This study analyzes the market for both imported and locally-made sterling silver plate in Revolution-era Charleston to determine if it was affected by economic and cultural factors created by pre-war boycotts, the war itself, and calls to practice "republican virtue." Ultimately, imported silver became negatively associated with other British goods, and both were boycotted with relative success. Nevertheless, silver remained an important fixture in genteel Charleston, as "republican virtue" was probably not internalized enough to keep non-importation at the forefront of white Charlestonians' minds. At this time, there was a return to consumption of British silver and Charleston silversmiths carefully mimicked British styles and advertised their imports. Sources like newspaper advertisements and the silver objects suggest that, unlike homespun movements with textiles, a distinctly American identity and culture did not influence the Charleston silver market. In fact, sources tell us different stories as to whether or not there was growth for local silversmiths at all, or if imported silver remained dominant. The lack of certain sources and inconclusive results yielded by others leads to ambiguities in some assumptions. These problems may reflect discrepancies found in genteel and republican lifestyles created because of their inherent opposition to each other.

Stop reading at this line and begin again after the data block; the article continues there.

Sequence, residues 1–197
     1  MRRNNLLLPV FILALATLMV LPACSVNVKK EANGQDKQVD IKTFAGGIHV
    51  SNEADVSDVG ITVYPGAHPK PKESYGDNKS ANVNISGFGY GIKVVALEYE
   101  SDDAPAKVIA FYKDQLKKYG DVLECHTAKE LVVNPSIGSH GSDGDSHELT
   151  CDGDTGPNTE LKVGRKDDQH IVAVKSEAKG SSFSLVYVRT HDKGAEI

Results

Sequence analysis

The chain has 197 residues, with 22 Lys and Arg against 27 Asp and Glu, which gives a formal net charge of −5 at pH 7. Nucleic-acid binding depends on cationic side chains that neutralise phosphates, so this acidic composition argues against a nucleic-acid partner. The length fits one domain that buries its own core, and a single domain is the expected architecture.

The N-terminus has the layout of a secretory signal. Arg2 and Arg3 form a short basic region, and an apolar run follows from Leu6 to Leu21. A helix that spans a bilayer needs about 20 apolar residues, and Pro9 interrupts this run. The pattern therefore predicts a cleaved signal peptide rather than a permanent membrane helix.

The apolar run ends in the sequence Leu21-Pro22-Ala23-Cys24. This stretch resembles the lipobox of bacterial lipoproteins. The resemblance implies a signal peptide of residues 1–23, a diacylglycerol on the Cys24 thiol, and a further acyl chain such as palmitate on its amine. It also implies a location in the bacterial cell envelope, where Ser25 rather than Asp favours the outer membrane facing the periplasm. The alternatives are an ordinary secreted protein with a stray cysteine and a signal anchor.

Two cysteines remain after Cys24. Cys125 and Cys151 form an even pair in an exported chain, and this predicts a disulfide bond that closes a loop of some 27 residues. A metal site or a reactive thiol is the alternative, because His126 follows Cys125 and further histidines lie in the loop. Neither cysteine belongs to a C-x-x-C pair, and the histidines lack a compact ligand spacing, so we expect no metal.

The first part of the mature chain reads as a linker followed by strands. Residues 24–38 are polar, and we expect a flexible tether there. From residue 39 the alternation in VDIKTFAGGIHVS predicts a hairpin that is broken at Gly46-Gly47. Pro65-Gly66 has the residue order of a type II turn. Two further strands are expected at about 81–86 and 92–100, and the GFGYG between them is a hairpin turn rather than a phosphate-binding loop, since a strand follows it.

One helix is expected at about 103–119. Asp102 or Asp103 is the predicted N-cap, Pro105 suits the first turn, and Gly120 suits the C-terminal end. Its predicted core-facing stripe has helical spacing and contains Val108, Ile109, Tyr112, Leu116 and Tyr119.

|School:||University of South Carolina|
|School Location:||United States -- South Carolina|
|Source:||MAI 47/06M, Masters Abstracts International|
|Subjects:||American history, Design, Economic history|
|Keywords:||American Revolution, Charleston, Consumerism, Gentility, Non-importation movements, Silver and silversmiths, South Carolina|
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